Financial data is complex. It can be challenging to find a specific account type within a division of a department that uses resources from a particular fund. Finding the specific financial information related to an operating question often requires knowing details about the operating processes or organizational structure of the government. Powerful search functions and data filters can make it a breeze to find the needle in your financial data haystack.
4. Reflects Chart of Accounts and Organization Structure
Each government is uniquely structured, as evidenced by their Chart of Accounts (CoA). Good transparency sites map to a government’s CoA. It should also include a clear identification of the services your organization provides.
Presenting the Chart of Accounts in an easily understood format that also relates to common knowledge or operating structure, particularly with departments, helps users of the site begin to understand the complexities of government financial management. By presenting multi-fund, restricted accounts and the different types of elements, stakeholders can see the different buckets of funds with different purposes and restrictions in an easy-to-understand visual format.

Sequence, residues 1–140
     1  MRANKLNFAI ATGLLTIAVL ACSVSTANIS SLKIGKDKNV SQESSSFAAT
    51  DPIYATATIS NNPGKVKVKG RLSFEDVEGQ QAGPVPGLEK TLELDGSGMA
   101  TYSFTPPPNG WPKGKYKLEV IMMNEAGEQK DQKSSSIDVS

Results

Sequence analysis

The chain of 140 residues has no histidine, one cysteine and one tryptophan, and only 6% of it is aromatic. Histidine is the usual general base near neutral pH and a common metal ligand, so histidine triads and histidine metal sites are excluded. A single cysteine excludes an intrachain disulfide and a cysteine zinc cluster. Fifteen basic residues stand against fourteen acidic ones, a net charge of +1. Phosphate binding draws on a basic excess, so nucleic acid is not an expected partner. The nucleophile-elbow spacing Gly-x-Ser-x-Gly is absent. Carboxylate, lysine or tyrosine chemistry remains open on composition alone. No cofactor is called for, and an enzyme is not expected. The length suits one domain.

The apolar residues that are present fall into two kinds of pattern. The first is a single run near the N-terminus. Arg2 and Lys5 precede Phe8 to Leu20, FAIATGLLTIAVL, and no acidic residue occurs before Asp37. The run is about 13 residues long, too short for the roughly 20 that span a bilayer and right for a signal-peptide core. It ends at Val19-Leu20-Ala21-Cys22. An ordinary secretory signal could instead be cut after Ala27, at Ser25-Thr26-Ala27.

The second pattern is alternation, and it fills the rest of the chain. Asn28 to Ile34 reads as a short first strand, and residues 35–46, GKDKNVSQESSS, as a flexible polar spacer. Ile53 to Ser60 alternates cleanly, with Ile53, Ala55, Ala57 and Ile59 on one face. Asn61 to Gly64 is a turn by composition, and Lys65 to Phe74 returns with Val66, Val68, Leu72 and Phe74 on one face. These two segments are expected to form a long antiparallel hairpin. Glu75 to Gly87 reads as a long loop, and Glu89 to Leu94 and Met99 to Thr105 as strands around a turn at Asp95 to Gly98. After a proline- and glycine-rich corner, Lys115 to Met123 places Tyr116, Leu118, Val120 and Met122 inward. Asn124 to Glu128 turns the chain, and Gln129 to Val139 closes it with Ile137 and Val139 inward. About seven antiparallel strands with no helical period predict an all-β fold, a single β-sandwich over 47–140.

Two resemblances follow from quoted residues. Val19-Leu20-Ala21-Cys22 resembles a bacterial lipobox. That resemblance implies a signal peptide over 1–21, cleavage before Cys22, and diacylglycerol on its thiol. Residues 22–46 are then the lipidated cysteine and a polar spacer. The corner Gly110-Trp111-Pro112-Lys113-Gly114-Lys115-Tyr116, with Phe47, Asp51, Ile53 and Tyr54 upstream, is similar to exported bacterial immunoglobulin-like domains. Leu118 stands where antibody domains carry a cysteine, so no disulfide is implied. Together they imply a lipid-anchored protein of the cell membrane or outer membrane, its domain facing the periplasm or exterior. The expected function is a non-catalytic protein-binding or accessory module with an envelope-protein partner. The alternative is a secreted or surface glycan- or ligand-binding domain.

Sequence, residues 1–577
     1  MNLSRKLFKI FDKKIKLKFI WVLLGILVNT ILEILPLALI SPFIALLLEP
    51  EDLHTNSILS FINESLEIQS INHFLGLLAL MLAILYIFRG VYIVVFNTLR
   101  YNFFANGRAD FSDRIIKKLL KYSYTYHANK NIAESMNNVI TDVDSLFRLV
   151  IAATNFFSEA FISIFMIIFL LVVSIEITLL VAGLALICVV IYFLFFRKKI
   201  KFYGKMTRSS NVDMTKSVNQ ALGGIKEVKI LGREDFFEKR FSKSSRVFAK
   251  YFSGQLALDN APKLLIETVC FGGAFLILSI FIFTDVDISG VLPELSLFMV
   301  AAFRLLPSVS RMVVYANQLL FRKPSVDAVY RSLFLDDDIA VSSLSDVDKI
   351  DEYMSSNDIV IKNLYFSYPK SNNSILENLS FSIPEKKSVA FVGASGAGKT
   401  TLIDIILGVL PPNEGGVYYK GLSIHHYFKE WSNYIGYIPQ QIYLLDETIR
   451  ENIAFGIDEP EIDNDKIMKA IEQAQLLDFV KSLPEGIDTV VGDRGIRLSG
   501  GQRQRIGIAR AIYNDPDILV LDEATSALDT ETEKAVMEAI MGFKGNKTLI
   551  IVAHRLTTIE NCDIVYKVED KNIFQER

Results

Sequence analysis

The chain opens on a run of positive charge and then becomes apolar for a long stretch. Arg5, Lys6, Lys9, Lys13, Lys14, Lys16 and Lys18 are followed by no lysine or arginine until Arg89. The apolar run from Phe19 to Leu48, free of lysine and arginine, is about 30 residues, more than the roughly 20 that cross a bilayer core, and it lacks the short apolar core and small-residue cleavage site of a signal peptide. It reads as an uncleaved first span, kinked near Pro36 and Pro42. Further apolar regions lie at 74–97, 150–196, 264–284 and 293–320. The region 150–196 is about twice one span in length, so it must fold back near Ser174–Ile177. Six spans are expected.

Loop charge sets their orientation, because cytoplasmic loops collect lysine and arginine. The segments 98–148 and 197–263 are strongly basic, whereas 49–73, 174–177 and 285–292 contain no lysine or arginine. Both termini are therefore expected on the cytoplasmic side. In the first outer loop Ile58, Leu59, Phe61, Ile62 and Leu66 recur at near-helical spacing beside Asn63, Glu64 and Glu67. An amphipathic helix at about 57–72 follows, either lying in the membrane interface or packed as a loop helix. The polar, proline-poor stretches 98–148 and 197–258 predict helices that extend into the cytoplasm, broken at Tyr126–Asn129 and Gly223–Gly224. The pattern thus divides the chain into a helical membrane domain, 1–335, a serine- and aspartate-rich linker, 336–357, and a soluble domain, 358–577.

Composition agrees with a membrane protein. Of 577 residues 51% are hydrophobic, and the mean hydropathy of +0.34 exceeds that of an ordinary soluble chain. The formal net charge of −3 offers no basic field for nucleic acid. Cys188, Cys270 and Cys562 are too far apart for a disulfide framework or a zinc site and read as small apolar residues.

5. Useful for Staff
Transparency sites are often perceived as an accountability or communication tool for citizens, but they can be so much more. Staff should find the transparency site of use directly in their work as well as be comfortable assisting others to navigate through it.
Does it answer staff questions?